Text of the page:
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Drayton Hall Summary

The Building
Drayton Hall is well known as one of the earliest and finest examples of Georgian Palladian architecture in the United States.  After the National Trust for Historic Preservation acquired the property from the Drayton family in 1974 a desire to open Drayton Hall to visitation necessitated an evaluation of the live load capacities of various structural systems throughout the house.  In 1977, a structural analysis of the building identified several deficiencies including the ceiling framing of the Great Hall.

Great Hall ceiling
The current Great Hall ceiling is the third ceiling in this space since 1738. Cracking, which is evident in the photograph, has been a problem for the ceiling for most of its history.
In June 2002 after an extensive structural analysis, as well as design and installation of a structural retrofit to the floor above, remedial treatment to the detached areas of the ceiling was begun.  Since it had been determined early in the assessment phase that treatment would not be required on the entire ceiling, the first phase of intervention involved identifying those locations where treatments were necessary. A final determination was not made until after a comprehensive interpretation of the condition of the ceiling using the results of the 1991 survey, the 2001-02 GIS analysis, an assessment of the 1978 treatment, and mechanical testing of the preferred adhesive formulations. As part of the 2002-03 conservation program for the Great Hall ceiling at Drayton Hall, adhesive formulations developed by Morgan Phillips in the 1970s-80s were tested and used for plaster reattachment.  The preference for an injection adhesive system was based on its specificity of installation (i.e., localized, minimum treatment) and low-impact on the historic fabric.  This was all the more critical as earlier stabilization of the ceiling, following the practices of the day, limited access to the upper side of the lath and plaster, making retreatment difficult.  Mechanical testing for tensile strength and, to a lesser extent, creep was performed on Phillips’ formulations.  In addition to providing comparative data on tensile strength, creep, and modulus of elasticity, the tests revealed the unintended effects of the fillers and thickeners to mechanical strength.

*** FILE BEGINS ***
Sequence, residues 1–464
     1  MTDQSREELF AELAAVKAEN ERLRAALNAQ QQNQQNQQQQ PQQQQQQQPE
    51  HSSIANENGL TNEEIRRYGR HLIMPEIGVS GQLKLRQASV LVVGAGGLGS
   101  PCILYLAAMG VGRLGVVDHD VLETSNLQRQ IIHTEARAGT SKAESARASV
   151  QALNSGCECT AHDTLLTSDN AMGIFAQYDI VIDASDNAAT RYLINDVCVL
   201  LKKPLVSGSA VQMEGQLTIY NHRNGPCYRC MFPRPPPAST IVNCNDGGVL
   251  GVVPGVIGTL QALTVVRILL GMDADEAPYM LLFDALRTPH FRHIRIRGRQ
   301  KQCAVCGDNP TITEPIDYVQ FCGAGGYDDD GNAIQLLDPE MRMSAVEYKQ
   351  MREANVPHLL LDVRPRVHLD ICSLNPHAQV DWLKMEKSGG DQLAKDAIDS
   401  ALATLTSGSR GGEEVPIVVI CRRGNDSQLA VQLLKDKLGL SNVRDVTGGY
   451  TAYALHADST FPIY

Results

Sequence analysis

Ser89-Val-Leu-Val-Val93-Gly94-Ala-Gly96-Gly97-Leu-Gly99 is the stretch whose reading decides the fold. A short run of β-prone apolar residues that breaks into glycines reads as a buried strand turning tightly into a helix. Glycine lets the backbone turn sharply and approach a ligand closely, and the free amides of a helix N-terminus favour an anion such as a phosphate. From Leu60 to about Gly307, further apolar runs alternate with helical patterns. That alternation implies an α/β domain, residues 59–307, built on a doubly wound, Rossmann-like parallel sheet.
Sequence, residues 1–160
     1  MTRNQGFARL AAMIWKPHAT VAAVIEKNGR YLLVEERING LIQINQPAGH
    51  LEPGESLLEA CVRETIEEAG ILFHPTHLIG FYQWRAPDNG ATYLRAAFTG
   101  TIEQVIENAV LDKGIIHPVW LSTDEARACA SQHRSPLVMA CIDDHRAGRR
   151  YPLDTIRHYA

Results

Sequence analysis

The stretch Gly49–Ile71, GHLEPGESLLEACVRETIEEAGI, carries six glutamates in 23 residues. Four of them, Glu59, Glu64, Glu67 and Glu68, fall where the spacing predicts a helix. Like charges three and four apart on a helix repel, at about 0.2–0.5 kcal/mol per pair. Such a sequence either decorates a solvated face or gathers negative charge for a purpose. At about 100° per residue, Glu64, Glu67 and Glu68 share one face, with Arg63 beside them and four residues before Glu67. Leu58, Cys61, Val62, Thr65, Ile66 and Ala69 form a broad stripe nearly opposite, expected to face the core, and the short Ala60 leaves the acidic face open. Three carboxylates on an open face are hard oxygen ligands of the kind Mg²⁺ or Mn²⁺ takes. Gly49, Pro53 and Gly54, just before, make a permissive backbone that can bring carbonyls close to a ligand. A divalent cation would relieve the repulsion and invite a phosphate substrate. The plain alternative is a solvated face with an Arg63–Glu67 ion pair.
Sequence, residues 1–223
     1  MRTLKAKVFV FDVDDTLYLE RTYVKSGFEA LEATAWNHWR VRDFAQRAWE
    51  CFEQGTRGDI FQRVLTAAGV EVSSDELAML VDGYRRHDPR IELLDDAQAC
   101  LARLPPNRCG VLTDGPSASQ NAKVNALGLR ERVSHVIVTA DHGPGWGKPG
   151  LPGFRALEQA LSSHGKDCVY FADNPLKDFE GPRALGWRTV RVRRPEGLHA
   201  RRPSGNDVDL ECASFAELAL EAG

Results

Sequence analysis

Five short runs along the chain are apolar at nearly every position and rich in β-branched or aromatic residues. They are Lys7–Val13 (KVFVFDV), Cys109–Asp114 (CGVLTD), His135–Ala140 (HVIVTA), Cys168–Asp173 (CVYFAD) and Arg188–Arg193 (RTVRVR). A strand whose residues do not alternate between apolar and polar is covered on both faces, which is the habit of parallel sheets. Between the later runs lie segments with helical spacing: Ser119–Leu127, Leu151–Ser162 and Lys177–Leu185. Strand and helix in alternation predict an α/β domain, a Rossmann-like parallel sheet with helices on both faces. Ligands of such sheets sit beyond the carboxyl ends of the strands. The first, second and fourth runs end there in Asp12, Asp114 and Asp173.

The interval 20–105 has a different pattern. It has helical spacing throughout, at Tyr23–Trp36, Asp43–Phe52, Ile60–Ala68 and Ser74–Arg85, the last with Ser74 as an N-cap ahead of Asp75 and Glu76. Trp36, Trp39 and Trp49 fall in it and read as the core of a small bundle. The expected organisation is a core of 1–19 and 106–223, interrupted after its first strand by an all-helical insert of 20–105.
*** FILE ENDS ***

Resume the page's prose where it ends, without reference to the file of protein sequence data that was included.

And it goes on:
front of Drayton Hall
A view of the southwestern facade of the house looking north towards the Ashley River. The mansion has a recessed portico designed specifically for an extra set of doors to be added  to allow a public entrance into  John Drayton's office (right side first floor).
ACL Goals
Since 1991, technical studies have been conducted at Drayton Hall to develop sensitive solutions for preserving the interior fabric of the house.  As part of this effort, the Architectural Conservation Laboratory of the University of Pennsylvania returned to the site in 2001 at the invitation of the National Trust for Historic Preservation to implement conservation treatments to the Great Hall plaster ceiling following extensive documentation and recording of the ceiling and its condition in 1991.  The 2001 plaster ceiling conservation project addressed both condition reassessment and treatment and included four principal tasks:

- Temporary Stabilization
- A Condition Reassessment 

- A Treatment Design and Evaluation Period
- Priority Treatment Implementation
testing attachment
All elements of the ceiling were checked for stability including the decorative cast elements used in the central medallion.